We’re told for yonks to get mammograms and that early detection saves lives. Then at age 75 we’re often told it doesn’t matter anymore. Why? And is that wise?
What we need to understand is that it’s not straight-forward.
Mammograms are targeted at 50-74-year-olds. Not encouraging older women to get one acknowledges that screening has pluses and minuses.
On the plus side, it can detect aggressive cancers early enough to save lives, but the minus is that mammograms can also result in unnecessary surgery, radiation and drug treatment for cancers that would never have been life threatening.
A lot of women over 75 have other health problems that are far more likely to claim their life than breast cancer will. So, the argument goes, why put them through the stress of cancer treatment that might unnecessarily diminish their quality of life and not provide any real benefit?
A Boston doctor called Mara Schonberg has developed a decision-making tool to help women decide whether or not to get a mammogram at any age. It’s called e-prognosis.
I tried it to see how much its guidance differs according to age and health. When I used my actual age range (60-64) and said my health was good, it recommended I get screened.
When I changed my health status to fair or poor, and said I was unfit and had diabetes, I was told it wasn’t clear whether screening would help, and that my thoughts and feelings about it should determine whether I had a mammogram.
Next I said my health was good but I boosted my age to 75-79. The response was the same as having poor health in my early sixties, i.e. it wasn’t clear that screening would be beneficial.
Finally, I said I was aged 75-79, with diabetes, unfit and so on, and was told that screening wasn’t recommended.
Here’s a link to e-prognosis if you want to try it yourself. Just click on the ‘breast cancer’ option.
Dr Schonberg argues that when women have the benefit of this kind of information they’ll make better decisions and many will choose not to line up for a mammogram.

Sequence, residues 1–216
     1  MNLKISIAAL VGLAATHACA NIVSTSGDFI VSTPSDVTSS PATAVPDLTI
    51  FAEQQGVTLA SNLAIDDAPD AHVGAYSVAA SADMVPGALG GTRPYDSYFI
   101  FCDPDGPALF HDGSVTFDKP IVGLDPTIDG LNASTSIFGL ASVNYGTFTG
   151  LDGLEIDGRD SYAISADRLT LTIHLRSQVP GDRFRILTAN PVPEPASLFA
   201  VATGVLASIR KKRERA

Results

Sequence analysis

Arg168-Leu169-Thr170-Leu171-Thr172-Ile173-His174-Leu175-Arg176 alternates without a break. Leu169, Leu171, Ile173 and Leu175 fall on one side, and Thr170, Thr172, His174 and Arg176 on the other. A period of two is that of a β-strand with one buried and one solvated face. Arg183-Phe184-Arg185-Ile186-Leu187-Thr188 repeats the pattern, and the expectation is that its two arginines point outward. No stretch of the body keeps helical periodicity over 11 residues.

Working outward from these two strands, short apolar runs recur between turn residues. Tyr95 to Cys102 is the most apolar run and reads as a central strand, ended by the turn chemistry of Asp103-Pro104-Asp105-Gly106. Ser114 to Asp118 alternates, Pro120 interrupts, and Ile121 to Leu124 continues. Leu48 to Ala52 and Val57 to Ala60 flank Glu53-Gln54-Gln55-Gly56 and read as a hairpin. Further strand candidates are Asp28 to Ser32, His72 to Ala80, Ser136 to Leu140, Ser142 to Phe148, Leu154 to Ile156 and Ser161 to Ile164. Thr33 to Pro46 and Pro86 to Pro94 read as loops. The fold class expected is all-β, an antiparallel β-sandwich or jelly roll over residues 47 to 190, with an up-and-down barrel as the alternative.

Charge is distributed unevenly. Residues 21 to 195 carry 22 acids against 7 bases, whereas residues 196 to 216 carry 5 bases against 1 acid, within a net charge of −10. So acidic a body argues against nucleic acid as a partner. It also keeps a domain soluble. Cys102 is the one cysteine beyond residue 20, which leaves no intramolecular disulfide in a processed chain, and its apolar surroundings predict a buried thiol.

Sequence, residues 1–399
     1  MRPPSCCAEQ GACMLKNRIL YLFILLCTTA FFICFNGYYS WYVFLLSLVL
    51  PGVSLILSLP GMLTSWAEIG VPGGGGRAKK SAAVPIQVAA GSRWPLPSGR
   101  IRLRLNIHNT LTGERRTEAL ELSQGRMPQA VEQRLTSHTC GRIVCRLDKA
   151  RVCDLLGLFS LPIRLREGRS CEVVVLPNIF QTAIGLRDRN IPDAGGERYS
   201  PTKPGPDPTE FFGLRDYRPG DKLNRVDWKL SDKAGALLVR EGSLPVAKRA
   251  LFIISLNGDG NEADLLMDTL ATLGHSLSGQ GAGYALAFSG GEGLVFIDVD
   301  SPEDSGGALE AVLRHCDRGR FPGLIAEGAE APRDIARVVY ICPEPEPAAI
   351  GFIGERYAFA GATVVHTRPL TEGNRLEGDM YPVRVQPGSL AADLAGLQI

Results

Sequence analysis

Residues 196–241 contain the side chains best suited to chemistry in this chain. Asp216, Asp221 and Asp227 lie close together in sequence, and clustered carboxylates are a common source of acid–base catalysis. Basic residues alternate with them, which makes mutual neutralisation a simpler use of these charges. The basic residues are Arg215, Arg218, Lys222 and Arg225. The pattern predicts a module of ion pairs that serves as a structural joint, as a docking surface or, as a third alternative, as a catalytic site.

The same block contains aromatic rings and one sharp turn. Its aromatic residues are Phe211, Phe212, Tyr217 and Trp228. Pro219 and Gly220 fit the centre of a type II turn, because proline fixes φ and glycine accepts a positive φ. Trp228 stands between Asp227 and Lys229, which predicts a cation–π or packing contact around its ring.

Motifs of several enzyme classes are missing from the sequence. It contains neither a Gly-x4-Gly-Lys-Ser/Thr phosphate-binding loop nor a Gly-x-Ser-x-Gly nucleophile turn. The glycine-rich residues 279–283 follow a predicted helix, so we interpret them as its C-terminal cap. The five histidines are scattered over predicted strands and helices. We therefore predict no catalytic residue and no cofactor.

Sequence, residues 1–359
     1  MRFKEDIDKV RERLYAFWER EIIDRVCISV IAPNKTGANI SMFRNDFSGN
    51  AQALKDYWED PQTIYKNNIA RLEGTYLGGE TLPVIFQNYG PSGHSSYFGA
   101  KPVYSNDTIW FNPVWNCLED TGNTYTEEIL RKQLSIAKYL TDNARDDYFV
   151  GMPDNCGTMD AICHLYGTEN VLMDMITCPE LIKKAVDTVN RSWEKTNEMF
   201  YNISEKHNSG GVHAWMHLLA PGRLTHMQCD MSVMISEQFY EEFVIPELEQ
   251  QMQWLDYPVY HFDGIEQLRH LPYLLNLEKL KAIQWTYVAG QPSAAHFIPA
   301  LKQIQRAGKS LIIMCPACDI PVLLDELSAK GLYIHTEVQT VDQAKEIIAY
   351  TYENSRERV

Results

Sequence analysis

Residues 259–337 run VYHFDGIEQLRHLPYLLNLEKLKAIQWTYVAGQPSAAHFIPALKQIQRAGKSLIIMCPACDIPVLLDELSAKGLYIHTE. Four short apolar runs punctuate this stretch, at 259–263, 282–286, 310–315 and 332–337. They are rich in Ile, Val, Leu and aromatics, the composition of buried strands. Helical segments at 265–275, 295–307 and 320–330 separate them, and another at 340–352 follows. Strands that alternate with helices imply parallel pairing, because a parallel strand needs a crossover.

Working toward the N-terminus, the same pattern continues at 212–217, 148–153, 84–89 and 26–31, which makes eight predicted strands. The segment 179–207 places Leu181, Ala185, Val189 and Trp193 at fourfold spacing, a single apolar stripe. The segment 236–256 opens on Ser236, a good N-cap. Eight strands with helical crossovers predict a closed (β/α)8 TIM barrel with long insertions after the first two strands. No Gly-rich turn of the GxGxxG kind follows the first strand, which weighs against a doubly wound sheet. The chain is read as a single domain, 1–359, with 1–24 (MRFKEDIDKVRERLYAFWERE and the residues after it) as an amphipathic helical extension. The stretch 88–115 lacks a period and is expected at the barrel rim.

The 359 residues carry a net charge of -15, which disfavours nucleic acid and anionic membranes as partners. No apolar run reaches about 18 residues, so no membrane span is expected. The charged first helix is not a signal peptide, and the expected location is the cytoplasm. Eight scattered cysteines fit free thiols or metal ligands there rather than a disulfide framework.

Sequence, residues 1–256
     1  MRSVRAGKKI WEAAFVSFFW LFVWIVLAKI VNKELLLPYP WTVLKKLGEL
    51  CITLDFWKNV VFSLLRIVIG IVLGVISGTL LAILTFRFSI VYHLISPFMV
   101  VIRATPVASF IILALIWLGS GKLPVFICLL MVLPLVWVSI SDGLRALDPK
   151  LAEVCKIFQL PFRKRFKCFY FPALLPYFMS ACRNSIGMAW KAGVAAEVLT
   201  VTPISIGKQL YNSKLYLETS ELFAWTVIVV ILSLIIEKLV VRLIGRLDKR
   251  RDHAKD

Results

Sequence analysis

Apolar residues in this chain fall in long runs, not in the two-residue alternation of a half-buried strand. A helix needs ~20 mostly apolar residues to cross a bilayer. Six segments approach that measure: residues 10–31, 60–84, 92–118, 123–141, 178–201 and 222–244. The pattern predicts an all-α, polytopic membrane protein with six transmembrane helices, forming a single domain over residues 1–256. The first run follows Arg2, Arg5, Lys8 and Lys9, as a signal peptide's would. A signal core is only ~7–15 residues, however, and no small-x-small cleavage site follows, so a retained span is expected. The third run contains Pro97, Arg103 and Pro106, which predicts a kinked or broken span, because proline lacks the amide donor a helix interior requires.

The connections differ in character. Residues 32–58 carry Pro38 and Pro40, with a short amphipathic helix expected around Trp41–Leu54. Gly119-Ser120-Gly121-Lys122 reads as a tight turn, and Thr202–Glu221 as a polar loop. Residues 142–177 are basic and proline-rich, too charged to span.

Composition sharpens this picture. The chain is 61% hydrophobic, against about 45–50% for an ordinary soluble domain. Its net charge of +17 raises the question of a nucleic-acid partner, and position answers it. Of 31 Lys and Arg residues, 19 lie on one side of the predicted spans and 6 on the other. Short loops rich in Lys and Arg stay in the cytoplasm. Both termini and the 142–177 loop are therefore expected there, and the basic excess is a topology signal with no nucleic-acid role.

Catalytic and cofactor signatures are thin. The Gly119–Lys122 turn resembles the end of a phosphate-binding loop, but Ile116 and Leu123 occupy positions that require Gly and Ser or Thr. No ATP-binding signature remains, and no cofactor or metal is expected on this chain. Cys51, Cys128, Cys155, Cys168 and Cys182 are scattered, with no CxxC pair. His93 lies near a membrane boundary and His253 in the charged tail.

Quite possibly. But there are a few things we should be aware of.
For a start, the older we get the more variation there is between us. While one 75-year-old might be healthy, active and independent, another could be dealing with a range of medical problems and need help to manage her daily life.
A decision-making tool like Dr Schonberg’s can provide guidance, but it can’t consider all the issues an individual might need to weigh up.
Second, plenty of women get breast cancer after 75. According to Breast Cancer Network Australia figures, roughly 20,000 women are diagnosed with the disease annually. About 62% are in the target age range, 20% are younger and 18% are 75 or older.
Of course, it helps if the relevant doctors are skilled in talking through nuanced issues like this to help patients work out how to have the best quality life for as long as possible. Needless to say not all have those skills.
Third, you won’t be surprised to know there’s a dearth of research on breast cancer among women outside those in the target age range, and new drugs aren’t well tested on women over 70.
The bottom line is there’s no one answer that applies to all women over 75.
Even if you’ve been told not to bother, if you reach your mid-70s healthy and likely to live at least another 10 years, screening may well be beneficial. It’s also worth noting that not all cancer treatment needs to be aggressive.
Finally, it’s in our interests to seek out doctors we can talk over these kinds of issues with to establish the best options for us.
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